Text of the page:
Exhibition on screen presents
Klimt and the kiss (PG)
DIRECTED BY ALI RAY | PRODUCED BY PHIL GRABSKY | MUSIC BY ASA BENNETT
INTRODUCTION FROM THE DIRECTOR, ALI RAY
You may not know who painted it, when or why but I guarantee you will have seen Gustav Klimt’s painting The Kiss. This glittering, golden image of a couple locked in embrace remains one of the most popular posters displayed on student bedroom walls. It is referenced in films, emblazoned on t-shirts, calendars and tote bags. However, when an image like The Kiss becomes so familiar, we stop actually ‘seeing’ it. I wanted this film to rectify that.
As one of my interviewees says, “The Kiss could only have been painted when it was, where it was and by who it was”. Thus, the film explores all of these elements that fed into the creation of this one iconic image. Turn of the century Vienna was a glorious and glamourous city with an intriguingly dark underbelly and, over the course of the film, we learn that this golden picture echoes those contradictions.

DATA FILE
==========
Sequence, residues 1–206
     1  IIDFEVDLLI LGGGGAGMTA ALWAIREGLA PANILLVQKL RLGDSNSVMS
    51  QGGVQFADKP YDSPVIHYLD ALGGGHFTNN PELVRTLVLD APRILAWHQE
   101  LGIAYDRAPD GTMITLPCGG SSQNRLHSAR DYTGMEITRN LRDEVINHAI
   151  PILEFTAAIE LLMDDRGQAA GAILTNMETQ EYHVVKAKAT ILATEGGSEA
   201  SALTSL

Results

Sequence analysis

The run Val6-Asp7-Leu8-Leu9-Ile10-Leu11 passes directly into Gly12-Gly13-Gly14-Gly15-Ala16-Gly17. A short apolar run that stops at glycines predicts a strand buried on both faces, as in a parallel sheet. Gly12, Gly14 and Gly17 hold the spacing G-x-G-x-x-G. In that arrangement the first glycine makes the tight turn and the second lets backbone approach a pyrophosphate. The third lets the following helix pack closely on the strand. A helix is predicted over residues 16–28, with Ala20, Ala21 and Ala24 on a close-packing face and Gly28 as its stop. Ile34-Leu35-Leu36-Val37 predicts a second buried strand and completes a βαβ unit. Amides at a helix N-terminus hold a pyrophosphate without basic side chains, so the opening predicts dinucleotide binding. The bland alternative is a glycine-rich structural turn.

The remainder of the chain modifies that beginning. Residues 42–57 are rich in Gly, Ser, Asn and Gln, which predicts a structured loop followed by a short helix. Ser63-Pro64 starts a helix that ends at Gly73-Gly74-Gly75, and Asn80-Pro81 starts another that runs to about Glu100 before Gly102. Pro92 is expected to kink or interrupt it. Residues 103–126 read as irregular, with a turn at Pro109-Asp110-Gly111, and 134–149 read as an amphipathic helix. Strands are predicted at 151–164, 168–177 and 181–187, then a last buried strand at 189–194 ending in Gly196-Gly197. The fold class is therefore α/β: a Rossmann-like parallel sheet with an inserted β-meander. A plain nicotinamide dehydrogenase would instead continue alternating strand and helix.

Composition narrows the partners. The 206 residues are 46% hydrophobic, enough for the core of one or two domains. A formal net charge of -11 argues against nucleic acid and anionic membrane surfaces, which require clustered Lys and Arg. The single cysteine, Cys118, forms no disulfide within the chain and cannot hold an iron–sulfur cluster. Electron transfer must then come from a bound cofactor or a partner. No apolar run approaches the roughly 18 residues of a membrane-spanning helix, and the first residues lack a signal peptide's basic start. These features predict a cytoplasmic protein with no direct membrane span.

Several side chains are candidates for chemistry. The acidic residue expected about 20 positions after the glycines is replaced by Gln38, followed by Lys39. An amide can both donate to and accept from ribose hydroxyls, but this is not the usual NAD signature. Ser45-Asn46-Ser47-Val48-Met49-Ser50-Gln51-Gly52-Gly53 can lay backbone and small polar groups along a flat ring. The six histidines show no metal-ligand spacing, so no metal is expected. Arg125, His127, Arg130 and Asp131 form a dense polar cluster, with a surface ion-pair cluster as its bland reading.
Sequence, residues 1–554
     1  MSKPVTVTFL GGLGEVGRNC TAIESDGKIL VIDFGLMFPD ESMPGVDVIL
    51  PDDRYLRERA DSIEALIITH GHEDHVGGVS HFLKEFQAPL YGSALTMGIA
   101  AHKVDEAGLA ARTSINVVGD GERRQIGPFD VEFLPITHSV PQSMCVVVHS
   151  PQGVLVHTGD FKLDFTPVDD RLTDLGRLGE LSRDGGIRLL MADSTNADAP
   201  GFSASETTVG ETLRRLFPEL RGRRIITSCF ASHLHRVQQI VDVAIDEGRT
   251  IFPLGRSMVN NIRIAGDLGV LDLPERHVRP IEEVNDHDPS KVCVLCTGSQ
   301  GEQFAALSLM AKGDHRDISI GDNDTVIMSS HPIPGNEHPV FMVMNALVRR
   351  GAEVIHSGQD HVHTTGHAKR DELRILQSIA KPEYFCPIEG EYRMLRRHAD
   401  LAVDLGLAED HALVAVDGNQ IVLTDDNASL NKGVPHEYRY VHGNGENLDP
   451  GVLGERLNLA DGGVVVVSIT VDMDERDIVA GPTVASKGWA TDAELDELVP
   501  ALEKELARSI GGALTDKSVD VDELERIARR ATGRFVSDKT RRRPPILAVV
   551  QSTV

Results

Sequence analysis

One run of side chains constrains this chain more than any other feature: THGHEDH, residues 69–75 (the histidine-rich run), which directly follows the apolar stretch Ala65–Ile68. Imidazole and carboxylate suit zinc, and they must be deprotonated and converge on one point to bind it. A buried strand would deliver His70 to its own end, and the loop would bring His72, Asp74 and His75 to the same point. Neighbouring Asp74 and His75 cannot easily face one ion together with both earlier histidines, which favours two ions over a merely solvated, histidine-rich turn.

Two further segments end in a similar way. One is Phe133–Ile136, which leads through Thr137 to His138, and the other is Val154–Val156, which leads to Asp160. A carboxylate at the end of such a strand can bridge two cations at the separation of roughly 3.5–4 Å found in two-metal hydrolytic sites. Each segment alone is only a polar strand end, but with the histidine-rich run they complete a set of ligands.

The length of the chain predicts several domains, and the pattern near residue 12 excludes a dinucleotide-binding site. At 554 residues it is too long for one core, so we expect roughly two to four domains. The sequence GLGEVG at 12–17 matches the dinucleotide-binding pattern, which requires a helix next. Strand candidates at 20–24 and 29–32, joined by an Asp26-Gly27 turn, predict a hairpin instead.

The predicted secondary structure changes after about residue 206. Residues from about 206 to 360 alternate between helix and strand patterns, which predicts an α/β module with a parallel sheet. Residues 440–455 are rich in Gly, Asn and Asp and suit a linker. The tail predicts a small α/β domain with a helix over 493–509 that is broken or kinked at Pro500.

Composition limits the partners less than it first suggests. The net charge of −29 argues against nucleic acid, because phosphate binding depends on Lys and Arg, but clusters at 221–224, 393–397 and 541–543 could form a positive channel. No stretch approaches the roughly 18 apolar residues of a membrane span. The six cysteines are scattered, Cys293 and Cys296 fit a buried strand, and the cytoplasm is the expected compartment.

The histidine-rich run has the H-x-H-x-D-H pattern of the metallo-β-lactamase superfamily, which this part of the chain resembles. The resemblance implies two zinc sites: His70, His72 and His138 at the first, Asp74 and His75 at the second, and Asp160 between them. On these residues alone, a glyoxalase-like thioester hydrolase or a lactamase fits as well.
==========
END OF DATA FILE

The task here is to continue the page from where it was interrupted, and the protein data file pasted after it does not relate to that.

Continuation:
To understand the meaning or the making of a particular work of art, it seems obvious to turn to the words of the artist that created it. For myself as a film-maker telling Klimt’s story this was not an option. He was famously and frustratingly tight-lipped when it came to discussing his work or indeed his infamous private life. I was wholly reliant on my excellent set of interviewees; the curators and historians who bring this and many of his other art works to life.
What actually is going on in the picture? What kind of kiss is this? It reminded me how much of ourselves we bring to a piece of art when we look at it. One of the very few quotes from Klimt is: “whoever wants to know something about me should look attentively at my pictures and there seek to recognise what I am and what I want”.
This is what I hope we have done by showing the wealth of fascinating, soul-searching, ground-breaking and controversial works by Gustav Klimt